This discussion is part of a collection:**Exploring Geometry Concepts**

From a paper by Volkert, U. of Cologne:

“If one accepts the idea that teaching should be genetic then it is clear that Euclid’s way of building up geometry is not the best. What we know – and what pupils know – is basically the three-dimensional world and its objects (that is solids). [Volkert, 2008]

“[Three-dimensional geometry] is vital for describing the world throughout science, engineering, and architecture. Also, three-dimensional geometry fosters both our intuitive understanding and our geometric imagination. It teaches us to see things in the round. It also trains us to see all sides of an argument simultaneously, as opposed to algebra and computing which emphasize thinking sequentially.” [Zeeman, 2005]

Source:

http://www.unige.ch/math/EnsMath/Rome2008/WG1/Papers/VOLK.pdf

Unfolding a corner flap of clear plastic wrap, and picking up a triangle to inspect and better understand it – the first is a difficult problem in three dimensions, and the second, a two-dimensional impossibility. It must be admitted that the manipulatives we use as models for plane figures are solid.

Volkert [2008] admits that the properties of formal 3-D geometry are more complex than that of 2-D, and that students do most of their work in two-dimensions, but can 3-D and informal transformations in the early grades be useful in bridging to the more formal and abstract Euclidean geometry to come? In what ways?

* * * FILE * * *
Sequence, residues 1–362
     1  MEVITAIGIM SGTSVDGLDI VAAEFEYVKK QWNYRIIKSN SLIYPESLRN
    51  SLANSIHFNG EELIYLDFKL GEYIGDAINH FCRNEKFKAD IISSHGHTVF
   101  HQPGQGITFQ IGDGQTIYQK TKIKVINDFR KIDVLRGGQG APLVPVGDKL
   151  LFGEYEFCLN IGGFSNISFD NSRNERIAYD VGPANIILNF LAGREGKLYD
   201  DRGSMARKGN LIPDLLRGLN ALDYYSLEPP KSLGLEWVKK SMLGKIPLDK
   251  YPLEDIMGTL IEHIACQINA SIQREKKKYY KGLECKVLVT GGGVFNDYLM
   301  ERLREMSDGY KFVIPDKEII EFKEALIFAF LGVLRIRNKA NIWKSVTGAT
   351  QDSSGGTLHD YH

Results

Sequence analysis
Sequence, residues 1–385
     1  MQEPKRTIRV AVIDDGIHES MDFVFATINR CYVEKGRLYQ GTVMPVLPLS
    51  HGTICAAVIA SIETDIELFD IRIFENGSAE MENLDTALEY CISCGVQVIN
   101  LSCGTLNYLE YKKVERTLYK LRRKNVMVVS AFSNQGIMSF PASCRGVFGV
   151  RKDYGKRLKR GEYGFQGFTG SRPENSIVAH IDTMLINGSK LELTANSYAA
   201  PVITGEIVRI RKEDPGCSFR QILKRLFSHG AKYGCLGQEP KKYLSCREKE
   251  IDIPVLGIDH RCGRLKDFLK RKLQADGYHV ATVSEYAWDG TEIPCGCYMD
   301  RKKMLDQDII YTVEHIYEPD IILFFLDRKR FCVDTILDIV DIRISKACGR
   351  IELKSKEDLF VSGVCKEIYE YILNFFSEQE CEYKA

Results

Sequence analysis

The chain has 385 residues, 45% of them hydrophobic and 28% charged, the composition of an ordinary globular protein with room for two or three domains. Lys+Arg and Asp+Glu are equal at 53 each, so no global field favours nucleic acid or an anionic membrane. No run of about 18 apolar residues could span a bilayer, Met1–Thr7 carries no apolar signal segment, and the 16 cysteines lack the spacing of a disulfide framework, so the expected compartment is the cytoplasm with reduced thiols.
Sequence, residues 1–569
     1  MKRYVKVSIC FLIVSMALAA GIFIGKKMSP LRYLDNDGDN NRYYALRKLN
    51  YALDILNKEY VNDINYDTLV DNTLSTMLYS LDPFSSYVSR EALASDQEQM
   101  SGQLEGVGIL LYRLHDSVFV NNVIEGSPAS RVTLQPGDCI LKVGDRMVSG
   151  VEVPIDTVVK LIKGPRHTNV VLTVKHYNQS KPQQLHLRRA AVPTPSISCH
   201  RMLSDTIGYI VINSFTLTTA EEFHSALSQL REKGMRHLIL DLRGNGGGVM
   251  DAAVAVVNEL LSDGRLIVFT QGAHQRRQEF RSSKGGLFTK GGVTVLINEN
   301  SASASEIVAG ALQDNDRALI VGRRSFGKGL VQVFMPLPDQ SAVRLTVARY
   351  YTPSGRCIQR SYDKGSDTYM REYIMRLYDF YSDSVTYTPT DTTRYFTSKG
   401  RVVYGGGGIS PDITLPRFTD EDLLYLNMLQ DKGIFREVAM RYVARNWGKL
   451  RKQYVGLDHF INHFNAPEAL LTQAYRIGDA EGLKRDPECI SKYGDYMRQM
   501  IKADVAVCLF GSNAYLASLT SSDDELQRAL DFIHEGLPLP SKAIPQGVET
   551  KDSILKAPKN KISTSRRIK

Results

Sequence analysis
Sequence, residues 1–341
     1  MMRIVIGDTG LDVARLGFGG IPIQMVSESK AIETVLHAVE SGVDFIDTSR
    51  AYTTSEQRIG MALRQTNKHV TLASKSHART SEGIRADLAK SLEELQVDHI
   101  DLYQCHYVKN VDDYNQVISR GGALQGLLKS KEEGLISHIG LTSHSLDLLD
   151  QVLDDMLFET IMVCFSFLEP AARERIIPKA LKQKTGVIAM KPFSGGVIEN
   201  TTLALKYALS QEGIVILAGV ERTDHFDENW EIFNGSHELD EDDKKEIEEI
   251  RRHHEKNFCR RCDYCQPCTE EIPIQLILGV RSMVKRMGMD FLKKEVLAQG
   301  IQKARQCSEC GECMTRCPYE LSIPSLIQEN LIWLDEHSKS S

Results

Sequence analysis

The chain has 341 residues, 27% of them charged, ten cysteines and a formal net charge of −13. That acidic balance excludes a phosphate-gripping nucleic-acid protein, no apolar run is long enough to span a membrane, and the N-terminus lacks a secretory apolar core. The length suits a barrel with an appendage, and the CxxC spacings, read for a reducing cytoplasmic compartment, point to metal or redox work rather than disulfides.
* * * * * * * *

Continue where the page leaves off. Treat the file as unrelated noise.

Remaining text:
Groups:

## Replies

## Most students know two-dimensional figures by the end of K

Most students should know their 2-dimensional figures (at least be name and some characteristics) by the end of Kindergarten. These concepts obviously get fine tuned over the next few years as students build their mathematical vocabulary and learn to classify and categorize these polygons and non polygons by their characteristics. All of this vocabulary building is essential to understanding 3-dimensional figures, which can and should be introduced in primary grades so students at least have a name for the objects around them even if they cannot describe their characteristics in precise geometric terms.

## CCSSM and solid geometry

This post prompted me to view "Geometry" under the "Standards by Domain" category on this page of the CCSSM site:

http://www.corestandards.org/Math

It's a relatively new feature of their site and can be found near the bottom of their left navbar.

I thought it would be interesting to see if solid geometry appears in the early grades. I found this under "Kindergarten"

"Identify shapes as two-dimensional (lying in a plane, “flat”) or three-dimensional (“solid”)."

~Suzanne

## but not much else

Thanks, Suzanne. What spurred my comment is how one state is moving to eliminate this and other topics that receive light treatment in CCSS. The statement below can be found in a downloadable doc "Vermont's transition ..." at the site http://vtedprep.wordpress.com/2011/09/06/vermonts-transition-to-the-comm...

"Teachers can begin to phase out these mathematical topics as a means to teach [others] at a greater depth. [among others listed are] K-4 3D geometry; K-5 Transformations; K-6 Probability"